Lakers Begin Championship Quest on Thunderous Terrain

Joseph Carlo HerreraContributor IIIApril 20, 2010

For the third consecutive year, the Los Angeles Lakers enter the dense pressure of the NBA playoffs with an actual shot at the coveted Larry O'Brien Trophy.

After a grueling and unusually inconsistent 82 game season during which they garnered a 57-25 record, the defending champions are locked in atop the Western Conference once again.

For most teams, the acquisition of the number one seed in their conference is a privilege that doesn't come along very often, but for the Lakers, it's just another one of their undying winning habits.

Entering the post season, the Lakers seem to have attracted numerous skeptics who challenge the very idea of them establishing a possible back-to-back modern day dynasty due to their closing out the regular season with unimpressive and lagging performances.

Sportswriters, fans, analysts and even the athletes themselves have a wide variation of opinions on whether or not the Lakers are indeed primed for another NBA title.

When compared, the Lakers and Thunder clearly have their own sets of advantages over each other. The Thunder who have been in the league for only two years went from zeroes to heroes in what seems like an instant.

Described as a bunch of inexperienced college kids when they fell to the NBA's worst record in 2009, they showed signs of quick maturity as stars like Kevin Durant, Russell Westbrook and rookie James Harden became some of the league's premier talents. Speed and determination are two of the team's biggest assets.

Compared to No. 8 seeds of the past, this year's Thunder squad just might be the feistiest one since the 2007 Golden State Warriors who annihilated the number one Dallas Mavericks.

There is no need to convey any argument about the promise and potential this youthful Thunder unit possesses because with a 21 year old MVP candidate at the helm, it is more than apparent that they still have a long way to go.

I can see why there is an air of doubt surrounding the Laker franchise at this moment; they're coming fresh off a championship, they let a 24-year-old Trevor Ariza walk out and signed a controversial 30-year-old Ron Artest in his place, they have been blown by injuries all season long and went on to drop eight of their last 11 games.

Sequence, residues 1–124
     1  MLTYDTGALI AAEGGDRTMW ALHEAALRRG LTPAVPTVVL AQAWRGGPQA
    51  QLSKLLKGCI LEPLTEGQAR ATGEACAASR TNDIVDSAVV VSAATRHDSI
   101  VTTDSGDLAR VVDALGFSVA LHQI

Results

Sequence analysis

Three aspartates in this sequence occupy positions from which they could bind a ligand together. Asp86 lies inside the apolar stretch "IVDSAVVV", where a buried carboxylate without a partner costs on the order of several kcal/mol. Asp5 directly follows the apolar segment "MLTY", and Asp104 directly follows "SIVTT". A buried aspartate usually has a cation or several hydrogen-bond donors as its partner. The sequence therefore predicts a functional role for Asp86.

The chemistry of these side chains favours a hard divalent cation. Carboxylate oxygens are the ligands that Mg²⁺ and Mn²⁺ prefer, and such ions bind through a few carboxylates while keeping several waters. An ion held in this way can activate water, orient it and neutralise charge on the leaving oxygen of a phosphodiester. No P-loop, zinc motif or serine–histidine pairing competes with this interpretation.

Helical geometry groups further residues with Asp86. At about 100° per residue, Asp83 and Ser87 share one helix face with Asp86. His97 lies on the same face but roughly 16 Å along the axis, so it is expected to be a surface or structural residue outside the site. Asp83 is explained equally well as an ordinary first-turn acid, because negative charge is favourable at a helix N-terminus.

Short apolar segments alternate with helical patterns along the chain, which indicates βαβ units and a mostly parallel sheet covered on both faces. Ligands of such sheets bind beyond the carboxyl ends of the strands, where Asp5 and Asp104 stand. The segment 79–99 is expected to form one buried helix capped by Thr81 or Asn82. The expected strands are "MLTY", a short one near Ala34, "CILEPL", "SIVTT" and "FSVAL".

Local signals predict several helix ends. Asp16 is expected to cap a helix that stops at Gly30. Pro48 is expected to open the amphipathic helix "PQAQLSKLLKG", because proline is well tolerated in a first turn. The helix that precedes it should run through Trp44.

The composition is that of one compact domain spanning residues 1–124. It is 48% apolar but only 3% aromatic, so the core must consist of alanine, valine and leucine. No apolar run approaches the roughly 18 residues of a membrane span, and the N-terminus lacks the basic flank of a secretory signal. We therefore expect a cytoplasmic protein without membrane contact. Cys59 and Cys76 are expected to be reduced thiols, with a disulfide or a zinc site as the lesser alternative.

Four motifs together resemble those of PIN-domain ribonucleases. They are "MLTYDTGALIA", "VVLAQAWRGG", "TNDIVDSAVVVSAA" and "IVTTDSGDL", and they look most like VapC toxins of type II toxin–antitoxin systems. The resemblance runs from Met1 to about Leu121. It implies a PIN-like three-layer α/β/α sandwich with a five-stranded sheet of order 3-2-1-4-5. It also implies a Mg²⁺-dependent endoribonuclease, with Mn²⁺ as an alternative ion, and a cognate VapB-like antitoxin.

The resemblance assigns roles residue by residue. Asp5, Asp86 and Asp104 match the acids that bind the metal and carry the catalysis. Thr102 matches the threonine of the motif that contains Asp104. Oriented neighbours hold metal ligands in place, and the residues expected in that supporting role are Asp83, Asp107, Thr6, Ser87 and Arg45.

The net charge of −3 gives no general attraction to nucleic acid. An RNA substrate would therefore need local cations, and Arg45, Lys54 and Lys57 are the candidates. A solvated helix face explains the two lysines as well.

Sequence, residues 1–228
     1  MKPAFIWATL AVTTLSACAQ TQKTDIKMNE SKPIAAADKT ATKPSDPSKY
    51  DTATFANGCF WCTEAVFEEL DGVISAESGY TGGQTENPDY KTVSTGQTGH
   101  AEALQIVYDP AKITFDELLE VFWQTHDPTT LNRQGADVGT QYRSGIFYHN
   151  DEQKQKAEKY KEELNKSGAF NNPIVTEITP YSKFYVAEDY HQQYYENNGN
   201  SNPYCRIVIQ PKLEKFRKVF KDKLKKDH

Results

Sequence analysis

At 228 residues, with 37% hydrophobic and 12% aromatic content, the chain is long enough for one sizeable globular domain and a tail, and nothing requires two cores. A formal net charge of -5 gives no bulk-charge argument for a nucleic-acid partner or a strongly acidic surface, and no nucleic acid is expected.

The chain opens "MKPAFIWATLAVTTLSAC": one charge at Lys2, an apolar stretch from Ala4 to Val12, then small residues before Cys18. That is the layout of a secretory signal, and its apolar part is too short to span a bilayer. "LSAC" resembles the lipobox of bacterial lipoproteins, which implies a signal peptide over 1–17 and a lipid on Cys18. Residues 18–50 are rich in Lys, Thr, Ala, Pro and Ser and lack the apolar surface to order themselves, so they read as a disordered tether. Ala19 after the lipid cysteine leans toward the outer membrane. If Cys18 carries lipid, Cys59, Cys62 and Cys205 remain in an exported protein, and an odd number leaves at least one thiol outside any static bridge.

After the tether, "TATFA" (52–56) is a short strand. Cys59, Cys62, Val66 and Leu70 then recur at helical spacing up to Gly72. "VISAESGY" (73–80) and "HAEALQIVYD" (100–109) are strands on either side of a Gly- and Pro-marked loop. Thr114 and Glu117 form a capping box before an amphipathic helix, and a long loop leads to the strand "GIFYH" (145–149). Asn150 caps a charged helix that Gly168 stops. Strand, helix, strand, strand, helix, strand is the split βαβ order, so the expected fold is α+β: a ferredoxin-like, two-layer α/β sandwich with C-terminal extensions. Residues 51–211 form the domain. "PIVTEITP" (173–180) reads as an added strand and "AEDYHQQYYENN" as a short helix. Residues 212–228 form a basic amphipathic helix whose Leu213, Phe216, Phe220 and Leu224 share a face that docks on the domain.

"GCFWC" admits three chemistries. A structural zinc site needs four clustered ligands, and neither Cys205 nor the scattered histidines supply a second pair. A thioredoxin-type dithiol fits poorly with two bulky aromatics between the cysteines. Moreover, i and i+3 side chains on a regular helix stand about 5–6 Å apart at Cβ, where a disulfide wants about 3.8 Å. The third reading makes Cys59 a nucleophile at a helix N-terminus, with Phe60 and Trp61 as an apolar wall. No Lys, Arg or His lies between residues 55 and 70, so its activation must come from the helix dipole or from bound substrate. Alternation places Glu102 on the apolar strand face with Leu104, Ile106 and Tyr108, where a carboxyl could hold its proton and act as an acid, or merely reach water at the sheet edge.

Accusations of a "championship hangover" have erupted within the very fanbase of their team. Even the faith of a most die-hard fan can begin to crumble when faced up to those statements.

Kobe Bryant, is no stranger to skepticism and disbelief. In the 13 years Kobe spent playing for the Laker franchise, those variables have always rested upon his shoulders; from his days of being Shaquille O'Neal's high-flying teenage compliment to his return to basketball immortality last June, Kobe has been bombarded by an infinite number of queries about his worth, greatness and leadership.

There were those who likened Kobe to a villain; selfish, immature and responsible for the decline of the 1999-2002 Laker dynasty. At a certain point in 2004, he was even critiqued by Phil Jackson as being "uncoachable."

Kobe never allowed any of these doubts and allegations to enter the perimeter of his elite game, whether it was five air balls as an eighteen year old rookie in Utah or an entire crowd chanting "Kobe sucks!" in Phoenix.

It's nothing short of a fact that Kobe Bryant is playing out one of the most colorful careers to ever adorn the NBA, both stained with failure and shone upon by success.

Kobe Bryant isn't alone when it comes to having experience on this Laker team. Fellow thirteen year veteran Derek Fisher was brought to the Lakers on the very same day Kobe was, though he spent some time in Golden State and Utah, Derek Fisher's career will forever be engraved in Los Angeles for his leadership, clutch and composure.

Three eleven year veterans also hold down the forward positions for the Lakers in Pau Gasol, Ron Artest and Lamar Odom. To hold these battle tested stars and the rising talents coming off their bench together, Coach Phil Jackson who lead ten successful championship campaigns is there.

Even with all of the Thunder's points taken into consideration, suggesting that they can withstand the Los Angeles Lakers in a seven game playoff series is still out of the question. Yes, Kevin Durant might just be bigger and better than LeBron James.

Yes, Russell Westbrook can easily leave Derek Fisher hanging after a crossover or two. Yes, the Thunder have an abundant supply of fresh legs to last them a decade. And yes, the Thunder can go into their locker room and call the Lakers a bunch of grandpas.

But one thing they have yet to earn is the value of experience and the unwritten lessons this game has to teach. When it comes to the post-season, those are the things that matter the most.

The Lakers are still in their prime. The Lakers aren't perfect. The Lakers have been through a lot. The Lakers need your faith.

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This article was brought to you by: The Lakeshow Express